Im writing a story about a group of eco-terrorists who are trying to make the flora of a planet take over major cities and create a utopian wasteland. They have access to a macguffin that can alter the molecular composition of different gases, which they want to use to make the air better for plants so that the grow faster, aided by different things. How exactly could they do this?

  • $\begingroup$ Please note that "alter the molecular composition of different gases" means changing gases. $\endgroup$
    – L.Dutch
    Sep 11, 2020 at 15:25
  • $\begingroup$ Any possible changes in air composition can have only minor positive effect on plant growth. You'll need years to see the difference. On the other hand, stronger climate changes would be inevitable if we are to increase CO2 concentration, for example, and those changes would be a much stronger factor affecting plant life. $\endgroup$
    – Alexander
    Sep 11, 2020 at 16:40
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    $\begingroup$ Do you really mean a Utopian wasteland, or do you mean a dystopian wasteland? I don't understand. Maybe a Utopian gardenscape? $\endgroup$
    – Mathaddict
    Sep 11, 2020 at 17:04
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    $\begingroup$ "Utopian wasteland" is an contradiction in terms. $\endgroup$
    – AlexP
    Sep 11, 2020 at 17:13
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    $\begingroup$ @Mathaddict Actually, that was a clever use of the words to create an oxymoron. I love the idea of ecoterrorists seeking to create a "utopian wasteland" - a place where Man is overcome to create a perfect place for nature. Nice idea, Shrike! $\endgroup$
    – JBH
    Sep 11, 2020 at 17:14

3 Answers 3


Tweak the humidity and increase the CO2:

Oxygen is the only other gas that directly affects a plant, which can stay where it is. They can't absorb nitrogen from the air because of the N3 triple bond.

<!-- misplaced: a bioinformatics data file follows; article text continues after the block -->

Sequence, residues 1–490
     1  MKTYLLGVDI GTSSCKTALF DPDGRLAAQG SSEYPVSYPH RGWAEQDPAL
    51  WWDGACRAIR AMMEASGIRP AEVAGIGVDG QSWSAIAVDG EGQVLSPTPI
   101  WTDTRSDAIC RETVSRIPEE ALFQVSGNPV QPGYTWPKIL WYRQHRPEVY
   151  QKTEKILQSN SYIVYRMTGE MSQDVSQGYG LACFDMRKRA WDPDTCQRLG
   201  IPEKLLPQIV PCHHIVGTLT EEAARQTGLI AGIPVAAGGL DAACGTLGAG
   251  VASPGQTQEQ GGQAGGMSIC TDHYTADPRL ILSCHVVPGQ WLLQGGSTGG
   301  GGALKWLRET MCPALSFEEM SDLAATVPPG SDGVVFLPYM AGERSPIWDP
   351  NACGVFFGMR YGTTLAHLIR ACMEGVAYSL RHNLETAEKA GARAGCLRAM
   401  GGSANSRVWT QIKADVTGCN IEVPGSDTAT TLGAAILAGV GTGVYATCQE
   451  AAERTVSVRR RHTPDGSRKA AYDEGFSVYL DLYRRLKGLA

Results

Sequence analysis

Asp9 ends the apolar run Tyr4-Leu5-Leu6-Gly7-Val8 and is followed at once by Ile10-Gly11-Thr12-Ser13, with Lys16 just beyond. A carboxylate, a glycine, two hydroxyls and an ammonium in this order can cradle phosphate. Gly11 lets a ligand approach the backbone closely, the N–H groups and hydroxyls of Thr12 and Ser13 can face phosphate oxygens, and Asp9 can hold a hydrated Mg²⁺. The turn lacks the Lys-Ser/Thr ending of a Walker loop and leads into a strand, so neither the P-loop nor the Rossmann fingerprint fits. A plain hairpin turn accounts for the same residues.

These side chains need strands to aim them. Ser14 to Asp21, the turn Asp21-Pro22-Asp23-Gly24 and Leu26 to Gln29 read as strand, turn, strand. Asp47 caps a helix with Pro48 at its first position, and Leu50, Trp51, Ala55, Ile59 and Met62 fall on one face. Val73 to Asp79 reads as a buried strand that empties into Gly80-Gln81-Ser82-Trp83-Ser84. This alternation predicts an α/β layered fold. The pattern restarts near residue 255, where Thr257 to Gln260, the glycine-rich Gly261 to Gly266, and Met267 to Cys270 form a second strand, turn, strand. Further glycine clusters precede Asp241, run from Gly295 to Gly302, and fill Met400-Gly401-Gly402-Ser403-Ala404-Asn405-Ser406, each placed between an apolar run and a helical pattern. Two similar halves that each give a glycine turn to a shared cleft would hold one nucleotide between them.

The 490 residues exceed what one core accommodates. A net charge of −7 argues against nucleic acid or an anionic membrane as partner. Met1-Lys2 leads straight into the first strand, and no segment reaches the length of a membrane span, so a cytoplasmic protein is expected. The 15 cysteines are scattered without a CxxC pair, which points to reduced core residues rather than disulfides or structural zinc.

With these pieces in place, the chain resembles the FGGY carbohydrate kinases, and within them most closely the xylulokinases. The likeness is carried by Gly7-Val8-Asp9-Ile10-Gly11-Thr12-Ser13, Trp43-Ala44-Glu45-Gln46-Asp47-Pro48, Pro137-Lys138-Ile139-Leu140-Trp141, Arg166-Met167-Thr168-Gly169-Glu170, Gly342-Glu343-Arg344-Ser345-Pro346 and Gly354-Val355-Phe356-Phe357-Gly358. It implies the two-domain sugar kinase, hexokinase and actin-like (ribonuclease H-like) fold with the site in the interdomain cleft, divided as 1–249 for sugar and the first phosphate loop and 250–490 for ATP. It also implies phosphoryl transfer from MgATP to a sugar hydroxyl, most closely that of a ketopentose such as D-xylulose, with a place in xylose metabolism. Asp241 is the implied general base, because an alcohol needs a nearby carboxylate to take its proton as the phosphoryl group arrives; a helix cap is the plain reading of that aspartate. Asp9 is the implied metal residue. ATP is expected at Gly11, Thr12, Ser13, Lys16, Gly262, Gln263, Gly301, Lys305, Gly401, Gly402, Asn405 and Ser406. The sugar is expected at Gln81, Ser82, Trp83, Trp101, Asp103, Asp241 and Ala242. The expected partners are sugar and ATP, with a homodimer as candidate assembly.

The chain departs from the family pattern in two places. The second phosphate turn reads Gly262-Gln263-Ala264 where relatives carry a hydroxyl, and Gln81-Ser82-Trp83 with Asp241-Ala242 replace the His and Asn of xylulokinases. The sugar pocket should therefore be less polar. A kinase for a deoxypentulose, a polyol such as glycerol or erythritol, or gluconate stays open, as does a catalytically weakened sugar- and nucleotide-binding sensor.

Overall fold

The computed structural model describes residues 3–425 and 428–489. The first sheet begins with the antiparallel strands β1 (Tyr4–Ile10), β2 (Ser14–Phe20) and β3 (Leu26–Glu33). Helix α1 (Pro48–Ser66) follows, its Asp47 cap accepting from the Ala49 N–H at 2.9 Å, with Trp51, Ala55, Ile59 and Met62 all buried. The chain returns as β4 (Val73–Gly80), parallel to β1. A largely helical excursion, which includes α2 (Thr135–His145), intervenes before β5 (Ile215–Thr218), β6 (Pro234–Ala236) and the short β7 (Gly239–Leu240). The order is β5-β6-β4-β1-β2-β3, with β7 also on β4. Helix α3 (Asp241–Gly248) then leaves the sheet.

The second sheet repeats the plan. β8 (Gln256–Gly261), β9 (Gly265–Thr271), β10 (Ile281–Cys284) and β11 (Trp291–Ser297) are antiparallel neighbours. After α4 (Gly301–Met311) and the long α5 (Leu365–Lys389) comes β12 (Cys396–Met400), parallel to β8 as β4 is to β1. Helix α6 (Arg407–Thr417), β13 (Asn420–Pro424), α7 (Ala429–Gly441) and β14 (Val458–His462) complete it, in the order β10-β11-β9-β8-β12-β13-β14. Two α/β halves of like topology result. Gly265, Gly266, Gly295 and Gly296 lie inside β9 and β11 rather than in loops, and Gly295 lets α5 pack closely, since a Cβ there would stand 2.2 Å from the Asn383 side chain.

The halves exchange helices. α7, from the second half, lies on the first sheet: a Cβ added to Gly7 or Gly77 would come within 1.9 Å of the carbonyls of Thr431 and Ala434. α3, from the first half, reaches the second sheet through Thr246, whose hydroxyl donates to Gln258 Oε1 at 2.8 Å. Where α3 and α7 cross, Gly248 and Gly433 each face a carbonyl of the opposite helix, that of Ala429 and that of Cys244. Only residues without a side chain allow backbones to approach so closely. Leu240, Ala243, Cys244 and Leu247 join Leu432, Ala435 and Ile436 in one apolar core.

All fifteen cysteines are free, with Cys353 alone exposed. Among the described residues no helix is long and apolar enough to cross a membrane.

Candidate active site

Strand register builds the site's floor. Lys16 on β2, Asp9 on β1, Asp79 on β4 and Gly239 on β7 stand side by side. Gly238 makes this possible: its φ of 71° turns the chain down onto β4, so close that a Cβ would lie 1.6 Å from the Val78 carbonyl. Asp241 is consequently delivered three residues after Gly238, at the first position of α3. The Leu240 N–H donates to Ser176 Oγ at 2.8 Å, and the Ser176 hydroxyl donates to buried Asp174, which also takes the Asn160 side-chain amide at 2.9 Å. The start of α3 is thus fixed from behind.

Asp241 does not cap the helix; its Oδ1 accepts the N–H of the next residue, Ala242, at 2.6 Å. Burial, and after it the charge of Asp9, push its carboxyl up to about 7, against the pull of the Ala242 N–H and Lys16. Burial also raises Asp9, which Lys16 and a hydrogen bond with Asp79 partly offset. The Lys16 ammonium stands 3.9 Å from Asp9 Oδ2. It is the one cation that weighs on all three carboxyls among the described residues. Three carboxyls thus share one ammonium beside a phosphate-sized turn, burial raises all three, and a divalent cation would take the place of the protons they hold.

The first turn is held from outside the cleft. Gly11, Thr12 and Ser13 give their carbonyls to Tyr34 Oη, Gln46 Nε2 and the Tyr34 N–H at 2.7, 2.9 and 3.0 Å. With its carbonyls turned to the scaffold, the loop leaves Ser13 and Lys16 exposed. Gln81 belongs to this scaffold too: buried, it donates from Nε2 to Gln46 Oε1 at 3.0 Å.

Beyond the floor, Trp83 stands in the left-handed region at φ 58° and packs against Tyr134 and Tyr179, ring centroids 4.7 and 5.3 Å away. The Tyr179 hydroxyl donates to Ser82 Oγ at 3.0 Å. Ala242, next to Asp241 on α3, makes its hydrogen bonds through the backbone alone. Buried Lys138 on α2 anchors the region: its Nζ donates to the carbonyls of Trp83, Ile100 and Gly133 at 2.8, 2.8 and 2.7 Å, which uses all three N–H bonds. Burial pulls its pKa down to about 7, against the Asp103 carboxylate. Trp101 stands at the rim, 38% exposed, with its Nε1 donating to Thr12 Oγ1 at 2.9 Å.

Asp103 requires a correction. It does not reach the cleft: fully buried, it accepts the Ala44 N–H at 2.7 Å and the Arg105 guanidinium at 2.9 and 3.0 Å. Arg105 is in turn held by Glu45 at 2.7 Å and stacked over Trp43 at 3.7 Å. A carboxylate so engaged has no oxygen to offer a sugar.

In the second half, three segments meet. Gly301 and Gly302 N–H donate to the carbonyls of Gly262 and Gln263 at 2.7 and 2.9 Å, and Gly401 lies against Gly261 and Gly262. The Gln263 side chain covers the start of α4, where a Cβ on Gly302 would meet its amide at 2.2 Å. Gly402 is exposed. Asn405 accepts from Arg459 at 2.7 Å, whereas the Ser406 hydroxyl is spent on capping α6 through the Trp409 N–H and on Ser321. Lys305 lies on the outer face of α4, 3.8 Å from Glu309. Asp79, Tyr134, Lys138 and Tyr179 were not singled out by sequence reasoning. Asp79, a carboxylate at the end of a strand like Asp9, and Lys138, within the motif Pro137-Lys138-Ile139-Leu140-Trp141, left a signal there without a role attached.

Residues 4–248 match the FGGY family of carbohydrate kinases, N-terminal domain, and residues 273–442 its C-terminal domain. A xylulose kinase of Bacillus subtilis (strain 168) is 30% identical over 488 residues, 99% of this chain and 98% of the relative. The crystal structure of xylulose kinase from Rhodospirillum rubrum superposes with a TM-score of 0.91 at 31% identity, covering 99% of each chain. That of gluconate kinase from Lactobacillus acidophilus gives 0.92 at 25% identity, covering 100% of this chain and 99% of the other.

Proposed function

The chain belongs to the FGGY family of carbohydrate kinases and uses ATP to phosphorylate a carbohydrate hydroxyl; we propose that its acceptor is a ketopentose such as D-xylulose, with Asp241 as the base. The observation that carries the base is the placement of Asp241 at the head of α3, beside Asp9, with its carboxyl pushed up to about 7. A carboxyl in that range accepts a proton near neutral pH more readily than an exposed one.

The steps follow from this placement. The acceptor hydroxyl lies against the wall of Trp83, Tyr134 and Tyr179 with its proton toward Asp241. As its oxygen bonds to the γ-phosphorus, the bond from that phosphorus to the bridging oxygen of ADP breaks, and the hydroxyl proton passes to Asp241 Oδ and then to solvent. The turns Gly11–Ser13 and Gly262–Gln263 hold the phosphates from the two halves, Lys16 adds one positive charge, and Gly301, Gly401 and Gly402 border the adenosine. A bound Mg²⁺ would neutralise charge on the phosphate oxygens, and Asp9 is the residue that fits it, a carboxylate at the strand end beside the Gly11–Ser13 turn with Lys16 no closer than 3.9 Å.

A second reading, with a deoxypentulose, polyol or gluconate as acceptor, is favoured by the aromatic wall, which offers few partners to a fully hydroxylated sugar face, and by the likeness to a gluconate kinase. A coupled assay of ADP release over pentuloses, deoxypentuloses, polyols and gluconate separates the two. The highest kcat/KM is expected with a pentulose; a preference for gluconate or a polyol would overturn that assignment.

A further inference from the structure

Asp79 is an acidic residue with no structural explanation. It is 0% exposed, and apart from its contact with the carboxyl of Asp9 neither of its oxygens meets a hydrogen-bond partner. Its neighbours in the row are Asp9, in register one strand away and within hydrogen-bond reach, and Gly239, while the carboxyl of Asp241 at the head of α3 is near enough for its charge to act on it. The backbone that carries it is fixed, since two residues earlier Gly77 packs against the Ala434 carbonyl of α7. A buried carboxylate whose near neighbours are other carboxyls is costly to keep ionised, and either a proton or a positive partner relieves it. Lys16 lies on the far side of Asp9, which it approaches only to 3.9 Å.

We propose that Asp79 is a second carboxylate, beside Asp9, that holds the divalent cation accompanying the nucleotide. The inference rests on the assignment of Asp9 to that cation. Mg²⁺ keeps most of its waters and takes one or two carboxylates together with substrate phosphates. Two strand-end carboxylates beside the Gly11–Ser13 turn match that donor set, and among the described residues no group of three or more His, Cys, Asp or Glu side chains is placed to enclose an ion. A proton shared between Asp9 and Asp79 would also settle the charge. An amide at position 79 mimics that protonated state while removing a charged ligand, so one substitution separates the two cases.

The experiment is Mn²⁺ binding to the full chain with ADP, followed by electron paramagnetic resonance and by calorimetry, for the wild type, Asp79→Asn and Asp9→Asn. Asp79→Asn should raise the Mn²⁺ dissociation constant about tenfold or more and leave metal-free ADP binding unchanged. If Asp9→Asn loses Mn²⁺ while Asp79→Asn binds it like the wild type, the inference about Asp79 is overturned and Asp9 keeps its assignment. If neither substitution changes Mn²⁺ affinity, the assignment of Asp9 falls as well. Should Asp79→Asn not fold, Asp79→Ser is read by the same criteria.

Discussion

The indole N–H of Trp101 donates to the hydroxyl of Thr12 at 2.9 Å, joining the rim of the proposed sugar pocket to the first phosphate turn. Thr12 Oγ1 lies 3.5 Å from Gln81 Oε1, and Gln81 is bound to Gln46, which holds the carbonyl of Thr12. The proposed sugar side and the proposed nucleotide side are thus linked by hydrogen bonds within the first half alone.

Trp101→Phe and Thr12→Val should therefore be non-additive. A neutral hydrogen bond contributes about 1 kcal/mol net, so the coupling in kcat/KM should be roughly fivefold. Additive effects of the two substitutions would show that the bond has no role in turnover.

Plants get everything else from the roots, but your macguffen can have those things in the air in tiny quantities so they settle into the soil next time it rains.

the macronutrients: nitrogen (N), phosphorus (P), potassium (K), calcium (Ca), sulfur (S), magnesium (Mg), carbon (C), oxygen (O), hydrogen (H)
the micronutrients (or trace minerals): iron (Fe), boron (B), chlorine (Cl), manganese (Mn), zinc (Zn), copper (Cu), molybdenum (Mo), nickel (Ni)

From Plant Nutrition on Wikipedia.

But wait, there's more...

Your macguffen can also put trace amounts of silver iodide in the atmosphere. While not required by plants, they can introduce rainfall, the ability to create rain when needed will help with plant growth, and the ability to remove overcast clouds and let the sun through will also help with growth.

  • $\begingroup$ 1200 PPM of CO2 certainly IS dangerous. Probably fatal to most higher life forms, due to increased temperatures & knock-on effects. Likewise more rain or whatever does not generally help with plant growth. Plants evolve to grow in a certain range of conditions. Too much rain will kill desert plants as surely as too little will kill plants adapted to wet conditions. $\endgroup$